More British Columbians are moving to smaller towns, the report shows

It seems that more and more British Columbians are leaving the hustle and bustle of urban areas and offering smaller towns for a quieter lifestyle.

According to a recent survey, migration from the metropolitan area to small communities has increased since 2015.

Marilyn Morris, co-director of the Community Development Institute, said: “One of the things we’ve been seeing for a while now is that people are moving from big metropolitan cities to smaller communities.”

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A new report by researchers from the UNBC Community Development Institute and the UBC Housing Research Collaborative shows how this trend is affecting small communities.

“We’re starting to see this because we’re hearing from community leaders and others that housing is having a real impact on the economic development prospects and community development prospects in non-metropolitan British Columbia,” Morris said.

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Morris said the cost of living is one of the many reasons people often leave the metropolitan area for small communities. But increased demand for housing often raises prices for everyone.

“When people think about buying a home, buying a home in a non-metropolitan area is much less expensive than in a metropolitan area,” said Morris.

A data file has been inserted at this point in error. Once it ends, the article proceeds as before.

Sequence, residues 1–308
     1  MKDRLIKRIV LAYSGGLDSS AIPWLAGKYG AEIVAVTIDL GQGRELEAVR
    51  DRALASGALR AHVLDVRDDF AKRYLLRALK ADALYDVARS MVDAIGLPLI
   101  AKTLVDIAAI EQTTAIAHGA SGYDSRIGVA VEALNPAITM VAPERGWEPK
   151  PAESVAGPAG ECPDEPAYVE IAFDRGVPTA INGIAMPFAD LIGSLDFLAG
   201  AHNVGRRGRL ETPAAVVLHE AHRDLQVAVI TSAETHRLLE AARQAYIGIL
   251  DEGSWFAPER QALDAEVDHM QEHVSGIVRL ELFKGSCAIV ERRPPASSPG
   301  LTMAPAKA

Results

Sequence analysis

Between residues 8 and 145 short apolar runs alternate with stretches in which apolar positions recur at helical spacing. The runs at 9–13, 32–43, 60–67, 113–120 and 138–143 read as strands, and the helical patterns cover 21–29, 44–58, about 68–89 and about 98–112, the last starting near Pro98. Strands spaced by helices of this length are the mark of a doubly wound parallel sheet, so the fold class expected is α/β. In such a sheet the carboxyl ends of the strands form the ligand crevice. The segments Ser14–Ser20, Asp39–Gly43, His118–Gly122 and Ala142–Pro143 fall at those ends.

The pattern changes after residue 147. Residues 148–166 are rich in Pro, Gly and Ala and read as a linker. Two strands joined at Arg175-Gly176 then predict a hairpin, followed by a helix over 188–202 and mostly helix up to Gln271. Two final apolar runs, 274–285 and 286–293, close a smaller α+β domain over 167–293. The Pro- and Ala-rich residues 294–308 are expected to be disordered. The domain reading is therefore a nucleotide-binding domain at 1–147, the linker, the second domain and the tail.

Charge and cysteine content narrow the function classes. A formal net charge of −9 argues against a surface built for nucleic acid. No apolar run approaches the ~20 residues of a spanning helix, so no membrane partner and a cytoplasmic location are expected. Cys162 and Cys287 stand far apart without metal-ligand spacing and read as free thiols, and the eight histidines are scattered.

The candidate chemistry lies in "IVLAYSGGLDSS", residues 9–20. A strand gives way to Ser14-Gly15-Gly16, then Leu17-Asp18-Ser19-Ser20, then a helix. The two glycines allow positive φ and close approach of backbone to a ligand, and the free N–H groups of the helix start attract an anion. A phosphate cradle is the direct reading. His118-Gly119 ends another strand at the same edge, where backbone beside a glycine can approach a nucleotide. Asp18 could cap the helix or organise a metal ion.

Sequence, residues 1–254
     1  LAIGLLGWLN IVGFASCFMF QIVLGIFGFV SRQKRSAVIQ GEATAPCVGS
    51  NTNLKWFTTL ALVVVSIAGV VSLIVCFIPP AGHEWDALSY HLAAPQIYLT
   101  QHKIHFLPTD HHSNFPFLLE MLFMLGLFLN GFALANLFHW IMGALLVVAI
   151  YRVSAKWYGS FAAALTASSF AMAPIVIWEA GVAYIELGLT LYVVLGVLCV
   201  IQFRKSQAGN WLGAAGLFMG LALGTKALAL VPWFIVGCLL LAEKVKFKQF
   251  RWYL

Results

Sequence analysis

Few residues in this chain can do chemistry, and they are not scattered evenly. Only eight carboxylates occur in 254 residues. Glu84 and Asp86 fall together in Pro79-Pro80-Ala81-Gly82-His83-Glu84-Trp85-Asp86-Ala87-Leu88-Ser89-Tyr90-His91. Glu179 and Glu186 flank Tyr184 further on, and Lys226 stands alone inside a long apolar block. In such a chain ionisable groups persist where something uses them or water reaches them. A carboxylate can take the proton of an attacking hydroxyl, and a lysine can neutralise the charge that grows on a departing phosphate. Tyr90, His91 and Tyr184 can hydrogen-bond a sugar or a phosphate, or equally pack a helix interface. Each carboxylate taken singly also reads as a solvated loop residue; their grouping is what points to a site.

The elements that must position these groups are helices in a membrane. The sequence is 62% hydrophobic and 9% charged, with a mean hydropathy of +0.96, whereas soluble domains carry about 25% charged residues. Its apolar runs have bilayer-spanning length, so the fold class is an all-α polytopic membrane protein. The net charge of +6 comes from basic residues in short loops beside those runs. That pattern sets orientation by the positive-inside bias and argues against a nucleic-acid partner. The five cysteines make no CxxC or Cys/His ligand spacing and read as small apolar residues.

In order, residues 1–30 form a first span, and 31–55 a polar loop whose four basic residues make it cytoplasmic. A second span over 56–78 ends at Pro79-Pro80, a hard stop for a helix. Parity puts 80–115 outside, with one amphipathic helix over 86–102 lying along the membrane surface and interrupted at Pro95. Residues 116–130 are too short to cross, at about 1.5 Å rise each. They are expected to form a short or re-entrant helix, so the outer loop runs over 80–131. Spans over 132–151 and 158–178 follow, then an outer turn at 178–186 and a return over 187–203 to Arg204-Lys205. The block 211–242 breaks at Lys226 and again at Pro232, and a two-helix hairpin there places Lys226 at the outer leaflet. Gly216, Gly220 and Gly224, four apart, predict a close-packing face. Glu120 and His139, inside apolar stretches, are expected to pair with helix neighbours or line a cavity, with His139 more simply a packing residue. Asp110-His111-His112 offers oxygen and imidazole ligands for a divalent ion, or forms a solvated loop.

According to researchers, affordability is a ‘big concern’.

“Most of the housing stock is old and in need of major repairs. Most homes are single detached houses, which reduces housing options. The arrival of new residents could also put pressure on municipal services, ”read the report.

Studies have shown that high migration can also positively affect economic growth and living standards in small towns.

“It’s wonderful for the community. When new people move into communities, it stimulates the economy, “Morris added.

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The trend has been influenced by the epidemic, which has shown employees that it is possible to work from home by denying the need to live in the city.

The study also looked at inter-provincial and inter-provincial migration patterns. According to Craig Jones, Associate Director of UBC Housing Research Collaborative, BC has seen an increase in interstate migration since 2015.

“BC has a really strong net profit – more people are moving to British Columbia from other parts of Canada than coming out of British Columbia,” Jones said.

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